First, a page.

However, there is no way to predict where the other end of them would be. Worse yet, theories seem to indicate it would be a one-use sort of thing, collapsing behind you as you pass through it. If it went anywhere, that would be the end of the journey – there would be no hope of return, and no way for someone to follow. We don’t currently possess or understand a method for generating a wormhole, but current estimates suggest that we would need the output of an entire sun to create one. With only one Sun in our solar system, which happens to be in use at the moment, I suggest this is not very practical, completely aside from the fact that we don’t know how to harness it.
Einstein discovered that gravity from massive object cause time to slow down. Therefore, while black holes will simply crush anything that enters them, by staying outside of its event horizon you could travel years into the future relative to an observer beyond its gravitational field, while for you just a few days would have elapsed.
Neutron stars spin very quickly. The fastest one found in our galaxy rotates at 716 times per second, which is approaching 25% of the speed of light. If a spinning neutron star were to collapse to a black hole the centrifugal effect might very well cause it to form a ring of protons that do not collapse to a singularity.
This “spinning doughnut” might not stretch you out into an infinitely long piece of spaghetti, but rather cause a rupture in the space-time continuum at the nexus of that doughnut. The other end might spontaneously form at another weak point elsewhere in the galaxy. There are a number of readily apparent possibilities – you are ripped to shreds; you get stuck forever; you end up outside our galaxy; you exit in the future; or you exit in the past. Another possibility is that you exit in a parallel universe. If it so happens to be one where our laws of physics don’t apply, then you would simply cease to exist as your atoms will no longer obey the laws of your own universe.
If superstrings exist, one with the diameter of a proton and 1.6 km long would weigh as much as the entire planet Earth. If you can arrange to have two of these side by side and start orbiting the two strings in a figure-eight pattern, through some very esoteric and complex mathematical operations this would allow you to travel forward or backward in time, to transmit matter from point to point, or travel to any point that you could calculate.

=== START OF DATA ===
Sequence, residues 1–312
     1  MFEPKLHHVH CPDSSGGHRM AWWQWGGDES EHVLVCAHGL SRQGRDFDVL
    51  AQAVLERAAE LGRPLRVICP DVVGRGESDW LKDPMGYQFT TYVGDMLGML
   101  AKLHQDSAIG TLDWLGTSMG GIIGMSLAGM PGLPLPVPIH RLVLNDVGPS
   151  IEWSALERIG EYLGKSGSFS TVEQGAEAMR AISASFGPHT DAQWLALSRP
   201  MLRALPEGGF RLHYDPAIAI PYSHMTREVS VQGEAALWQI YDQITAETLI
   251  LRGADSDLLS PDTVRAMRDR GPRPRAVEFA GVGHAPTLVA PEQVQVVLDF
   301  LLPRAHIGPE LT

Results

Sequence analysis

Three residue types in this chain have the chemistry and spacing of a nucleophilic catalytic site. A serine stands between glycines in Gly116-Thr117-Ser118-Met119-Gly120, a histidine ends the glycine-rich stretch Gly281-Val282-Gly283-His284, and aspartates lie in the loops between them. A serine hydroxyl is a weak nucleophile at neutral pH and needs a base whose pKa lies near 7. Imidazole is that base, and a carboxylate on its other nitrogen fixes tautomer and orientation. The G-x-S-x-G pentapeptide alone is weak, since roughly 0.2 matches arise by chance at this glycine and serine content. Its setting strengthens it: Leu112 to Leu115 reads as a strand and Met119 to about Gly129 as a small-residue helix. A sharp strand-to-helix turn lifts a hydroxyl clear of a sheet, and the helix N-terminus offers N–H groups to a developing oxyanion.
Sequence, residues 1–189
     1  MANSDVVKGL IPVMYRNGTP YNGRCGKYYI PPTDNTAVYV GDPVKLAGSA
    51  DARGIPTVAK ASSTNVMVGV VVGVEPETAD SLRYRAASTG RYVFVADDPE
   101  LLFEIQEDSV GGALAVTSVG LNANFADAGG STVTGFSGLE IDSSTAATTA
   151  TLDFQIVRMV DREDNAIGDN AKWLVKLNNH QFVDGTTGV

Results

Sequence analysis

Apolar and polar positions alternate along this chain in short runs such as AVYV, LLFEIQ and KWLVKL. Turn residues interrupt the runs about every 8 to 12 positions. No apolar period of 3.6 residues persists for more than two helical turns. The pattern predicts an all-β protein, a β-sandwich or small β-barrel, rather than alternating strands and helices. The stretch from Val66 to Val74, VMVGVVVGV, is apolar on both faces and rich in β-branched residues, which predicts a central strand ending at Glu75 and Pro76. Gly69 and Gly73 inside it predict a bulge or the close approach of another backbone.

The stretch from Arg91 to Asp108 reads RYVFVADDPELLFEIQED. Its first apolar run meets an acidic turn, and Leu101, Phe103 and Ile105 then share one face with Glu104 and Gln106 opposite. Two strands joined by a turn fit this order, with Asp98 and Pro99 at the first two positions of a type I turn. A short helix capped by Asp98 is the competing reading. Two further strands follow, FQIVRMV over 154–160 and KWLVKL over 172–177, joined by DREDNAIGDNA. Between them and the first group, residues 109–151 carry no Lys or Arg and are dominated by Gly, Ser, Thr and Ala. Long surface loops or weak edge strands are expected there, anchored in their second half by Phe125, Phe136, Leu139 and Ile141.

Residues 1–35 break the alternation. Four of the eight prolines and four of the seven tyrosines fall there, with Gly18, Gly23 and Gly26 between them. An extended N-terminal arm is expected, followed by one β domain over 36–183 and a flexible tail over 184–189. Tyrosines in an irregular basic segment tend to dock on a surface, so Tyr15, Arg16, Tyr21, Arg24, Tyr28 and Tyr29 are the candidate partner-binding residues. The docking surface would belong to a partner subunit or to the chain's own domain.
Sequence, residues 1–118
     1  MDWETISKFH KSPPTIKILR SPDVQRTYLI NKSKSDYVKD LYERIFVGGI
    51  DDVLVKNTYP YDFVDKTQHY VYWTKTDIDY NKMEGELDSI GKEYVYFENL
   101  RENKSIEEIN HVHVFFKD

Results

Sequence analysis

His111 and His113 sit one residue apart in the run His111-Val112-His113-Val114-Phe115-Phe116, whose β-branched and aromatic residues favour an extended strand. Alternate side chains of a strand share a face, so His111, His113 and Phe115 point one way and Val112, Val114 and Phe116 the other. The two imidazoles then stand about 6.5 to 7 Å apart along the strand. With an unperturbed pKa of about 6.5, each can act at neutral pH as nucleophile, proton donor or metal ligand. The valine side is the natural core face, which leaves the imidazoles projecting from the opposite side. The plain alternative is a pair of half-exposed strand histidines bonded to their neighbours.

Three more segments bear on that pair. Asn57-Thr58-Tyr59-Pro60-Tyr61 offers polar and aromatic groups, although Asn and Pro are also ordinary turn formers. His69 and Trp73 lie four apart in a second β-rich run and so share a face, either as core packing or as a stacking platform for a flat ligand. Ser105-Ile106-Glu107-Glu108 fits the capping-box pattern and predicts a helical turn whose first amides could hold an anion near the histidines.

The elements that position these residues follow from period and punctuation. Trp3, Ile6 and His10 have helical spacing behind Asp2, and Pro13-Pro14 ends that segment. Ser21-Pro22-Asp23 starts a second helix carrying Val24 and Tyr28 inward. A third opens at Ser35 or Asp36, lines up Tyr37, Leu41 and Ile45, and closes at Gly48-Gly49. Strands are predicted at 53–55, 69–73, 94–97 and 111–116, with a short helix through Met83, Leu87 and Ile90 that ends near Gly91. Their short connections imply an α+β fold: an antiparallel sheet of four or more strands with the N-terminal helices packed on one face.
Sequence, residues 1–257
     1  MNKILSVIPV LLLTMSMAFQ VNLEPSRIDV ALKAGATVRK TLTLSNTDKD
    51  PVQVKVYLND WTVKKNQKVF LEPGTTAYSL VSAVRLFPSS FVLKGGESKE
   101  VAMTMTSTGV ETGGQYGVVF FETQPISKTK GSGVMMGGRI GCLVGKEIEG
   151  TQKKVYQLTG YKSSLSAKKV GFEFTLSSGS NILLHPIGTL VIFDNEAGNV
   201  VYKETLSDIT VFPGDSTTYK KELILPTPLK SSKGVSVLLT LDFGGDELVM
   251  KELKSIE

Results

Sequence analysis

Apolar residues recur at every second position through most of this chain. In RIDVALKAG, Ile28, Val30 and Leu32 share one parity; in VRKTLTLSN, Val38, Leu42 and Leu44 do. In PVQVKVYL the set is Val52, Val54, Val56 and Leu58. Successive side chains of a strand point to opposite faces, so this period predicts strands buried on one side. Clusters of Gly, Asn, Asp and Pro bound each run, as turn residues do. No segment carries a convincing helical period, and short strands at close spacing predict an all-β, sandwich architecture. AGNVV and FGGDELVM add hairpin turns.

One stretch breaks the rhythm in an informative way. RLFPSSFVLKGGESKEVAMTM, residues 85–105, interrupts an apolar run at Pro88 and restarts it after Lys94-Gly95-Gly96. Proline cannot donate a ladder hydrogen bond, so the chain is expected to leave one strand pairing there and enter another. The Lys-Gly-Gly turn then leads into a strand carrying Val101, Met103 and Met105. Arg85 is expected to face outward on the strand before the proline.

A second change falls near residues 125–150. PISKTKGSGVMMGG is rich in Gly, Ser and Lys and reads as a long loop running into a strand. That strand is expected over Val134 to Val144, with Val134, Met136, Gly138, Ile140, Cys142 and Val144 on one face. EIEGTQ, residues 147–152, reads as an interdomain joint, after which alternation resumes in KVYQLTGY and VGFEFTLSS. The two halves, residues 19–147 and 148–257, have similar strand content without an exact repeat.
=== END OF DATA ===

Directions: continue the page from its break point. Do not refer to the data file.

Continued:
The funny thing is that the strings would have minimal gravity despite their mass as long as they were straight. If they were formed into loops, however, they would possess the full gravity of our planet. No matter how intimidating the mathematics, there’s still no evidence that superstrings exist, though. They still remain a theoretical construct to explain some phenomena that we don’t completely understand yet.
We can add a whole new dimension to the discussion; seven of them in fact! Quantum theory currently requires 10 dimensions, or 11 if you include time, in order to describe itself. But where are they? You can see lengths, you can see widths, you can see heights; they are perfectly obvious. The fourth dimension is duration or time. So where are the seven other dimensions? Picture these dimensions as flower petals that haven’t unfurled. They’re tightly held at the corners of all the other dimensions. If there was another direction you could travel other than up, down, left, right, forward, or back, it would be quantified by one of these dimensions.
Robert A. Heinlein, both a scientist and a science fiction writer, wrote a book titled Number of the Beast. In his novel, one of the protagonists created a device where he could swap one dimension for another. People in the book would continue to perceive three dimensions, but if you traveled along this new dimension that might have taken the place of “length” you could travel into the future, or into the past. Other dimensional swaps would allow you to transit to parallel universes, while another would allow you to transit to a different physical location in the blink of an eye.
Maybe he was on to something. Maybe it is as simple as swapping one dimension for another. We’re basically three-dimensional creatures. We can handle length, width, and depth. Maybe by rotating out one dimension and rotating in another we can accomplish anything. The secret is to let quantum physicists figure out how to make it actually work. It might only require knowledge and a very tiny expenditure of energy. You could step into a “booth” in your home, twist a knob, and step out of the booth, halfway around the world, in a fancy restaurant, or in a lunar base on the far side of the Moon, ready for a night’s observation. Think it unlikely? At this point, it makes sense to refer to one more of Arthur C. Clarke’s laws.
Clarke’s Third Law: Any sufficiently advanced technology is indistinguishable from magic.